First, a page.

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On Porotic Hyperostosis and the Interpretation of Hominin Diets

Posted by Cranda28 on 09 Oct 2012 at 16:34 GMT

Written by JJ Crandall & DL Martin
Department of Anthropology,
University of Nevada, Las Vegas

Dominguez-Rodrigo and colleagues [1] recently presented the early evidence of porotic hyperostosis (PH) in the hominin fossil record. They discovered two fragments of non-adult parietal bone which they age at approximately ~2 years of age-at-death. Their methodology includes microscopic and visual analysis of the fragments from which they, in our opinion, correctly observe that the specimens exhibit porotic hyperostosis. From this find, the authors draw a number of conclusions about the subsistence regime of the family from which this subadult originates as well as suggest a cause-of-death from the two fragments and use these conclusions to infer that meat played a major role in hominin diet. Further, they suggest that the unavailability of such meat was a cause of malnourishment for individual OH 81 and also note that the physiology of the subadult would have been adapted towards the consumption of meat.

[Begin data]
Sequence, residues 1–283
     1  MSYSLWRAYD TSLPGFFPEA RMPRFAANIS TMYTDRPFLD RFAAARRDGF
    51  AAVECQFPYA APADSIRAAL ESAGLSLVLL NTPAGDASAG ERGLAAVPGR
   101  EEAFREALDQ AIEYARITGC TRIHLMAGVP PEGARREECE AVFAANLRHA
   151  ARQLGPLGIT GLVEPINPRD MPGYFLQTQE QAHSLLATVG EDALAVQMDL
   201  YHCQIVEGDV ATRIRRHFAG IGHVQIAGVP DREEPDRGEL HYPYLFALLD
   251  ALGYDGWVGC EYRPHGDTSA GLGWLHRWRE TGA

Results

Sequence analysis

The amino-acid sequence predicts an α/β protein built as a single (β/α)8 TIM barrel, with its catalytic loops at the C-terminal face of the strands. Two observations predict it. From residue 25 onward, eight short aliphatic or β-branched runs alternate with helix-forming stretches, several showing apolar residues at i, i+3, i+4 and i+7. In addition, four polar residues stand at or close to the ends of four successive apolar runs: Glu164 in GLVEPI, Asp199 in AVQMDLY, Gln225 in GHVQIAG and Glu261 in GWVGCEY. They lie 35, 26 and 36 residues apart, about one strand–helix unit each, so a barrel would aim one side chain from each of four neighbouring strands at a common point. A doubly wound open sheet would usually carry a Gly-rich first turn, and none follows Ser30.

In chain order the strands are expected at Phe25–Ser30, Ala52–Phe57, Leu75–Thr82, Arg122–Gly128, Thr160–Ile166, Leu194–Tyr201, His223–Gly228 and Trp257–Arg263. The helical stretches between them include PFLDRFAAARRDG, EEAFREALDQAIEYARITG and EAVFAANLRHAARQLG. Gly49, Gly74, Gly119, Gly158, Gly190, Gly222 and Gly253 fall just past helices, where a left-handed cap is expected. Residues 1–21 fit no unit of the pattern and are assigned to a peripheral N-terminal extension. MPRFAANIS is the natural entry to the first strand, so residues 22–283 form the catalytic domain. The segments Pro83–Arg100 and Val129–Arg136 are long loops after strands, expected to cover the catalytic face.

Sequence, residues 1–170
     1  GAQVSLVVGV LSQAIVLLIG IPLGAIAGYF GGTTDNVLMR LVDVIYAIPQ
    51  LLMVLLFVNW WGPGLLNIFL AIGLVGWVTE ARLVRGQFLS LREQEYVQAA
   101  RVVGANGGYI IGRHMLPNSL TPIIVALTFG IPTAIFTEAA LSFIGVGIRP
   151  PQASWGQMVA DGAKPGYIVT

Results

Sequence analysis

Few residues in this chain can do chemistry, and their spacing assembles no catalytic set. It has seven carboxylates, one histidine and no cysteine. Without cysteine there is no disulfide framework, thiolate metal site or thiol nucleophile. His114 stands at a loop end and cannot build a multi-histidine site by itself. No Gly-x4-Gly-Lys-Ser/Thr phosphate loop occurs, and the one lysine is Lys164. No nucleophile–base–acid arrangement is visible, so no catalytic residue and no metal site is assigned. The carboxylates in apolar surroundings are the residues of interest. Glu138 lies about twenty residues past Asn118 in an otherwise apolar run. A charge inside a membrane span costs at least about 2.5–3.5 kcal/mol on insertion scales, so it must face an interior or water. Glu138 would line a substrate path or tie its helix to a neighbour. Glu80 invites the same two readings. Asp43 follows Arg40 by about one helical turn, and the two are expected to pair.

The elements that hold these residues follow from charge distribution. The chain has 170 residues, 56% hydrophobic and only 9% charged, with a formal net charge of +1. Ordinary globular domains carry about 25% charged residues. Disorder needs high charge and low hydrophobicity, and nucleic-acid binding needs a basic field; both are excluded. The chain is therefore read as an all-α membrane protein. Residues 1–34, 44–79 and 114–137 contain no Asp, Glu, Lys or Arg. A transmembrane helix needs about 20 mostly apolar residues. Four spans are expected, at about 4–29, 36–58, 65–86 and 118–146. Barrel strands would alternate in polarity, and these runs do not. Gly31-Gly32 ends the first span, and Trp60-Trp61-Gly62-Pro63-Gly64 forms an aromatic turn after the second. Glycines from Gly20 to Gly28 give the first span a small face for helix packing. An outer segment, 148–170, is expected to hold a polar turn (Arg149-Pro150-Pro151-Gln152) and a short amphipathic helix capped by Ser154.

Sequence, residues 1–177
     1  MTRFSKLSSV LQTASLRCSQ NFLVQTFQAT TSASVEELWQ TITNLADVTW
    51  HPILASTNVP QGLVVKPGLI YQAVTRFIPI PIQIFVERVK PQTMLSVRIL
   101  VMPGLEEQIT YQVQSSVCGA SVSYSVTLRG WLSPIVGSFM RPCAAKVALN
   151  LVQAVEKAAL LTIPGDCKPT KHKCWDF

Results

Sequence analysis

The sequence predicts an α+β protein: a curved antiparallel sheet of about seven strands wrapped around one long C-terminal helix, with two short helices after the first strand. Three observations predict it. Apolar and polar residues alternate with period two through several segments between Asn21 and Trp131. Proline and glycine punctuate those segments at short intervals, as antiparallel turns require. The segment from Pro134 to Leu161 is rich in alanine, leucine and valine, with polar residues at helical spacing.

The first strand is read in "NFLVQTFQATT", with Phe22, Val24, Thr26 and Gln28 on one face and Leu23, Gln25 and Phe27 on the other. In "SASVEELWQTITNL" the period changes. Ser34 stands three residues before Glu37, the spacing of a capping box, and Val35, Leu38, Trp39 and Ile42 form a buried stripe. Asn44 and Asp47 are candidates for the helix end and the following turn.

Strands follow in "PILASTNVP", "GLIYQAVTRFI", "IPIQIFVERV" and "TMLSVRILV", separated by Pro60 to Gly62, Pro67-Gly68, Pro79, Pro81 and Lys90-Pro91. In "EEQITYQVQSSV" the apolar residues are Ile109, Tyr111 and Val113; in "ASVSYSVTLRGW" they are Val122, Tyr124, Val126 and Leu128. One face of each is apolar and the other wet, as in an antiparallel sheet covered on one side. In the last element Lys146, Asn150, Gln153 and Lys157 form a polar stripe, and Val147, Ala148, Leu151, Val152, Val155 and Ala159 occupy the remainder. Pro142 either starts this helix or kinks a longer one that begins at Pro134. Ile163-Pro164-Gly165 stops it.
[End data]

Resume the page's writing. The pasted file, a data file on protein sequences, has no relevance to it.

While we are not paleoanthropologists and are not in a position to discuss the species identification or estimation of age-at-death undertaken on the specimen we do wish to comment on the ways in which the authors understand porotic hyperostosis, its etiology and how it should be interpreted in fossilized/skeletonized samples. The authors in this study make a number of conclusions based on this data which we find troubling and seek to redress. First, we review how porotic hyperostosis, a pathological bony change that is related to a number of metabolic disorders including anemia, is generally interpreted. Then we use this information to critically discuss a number of the conclusions drawn in this study.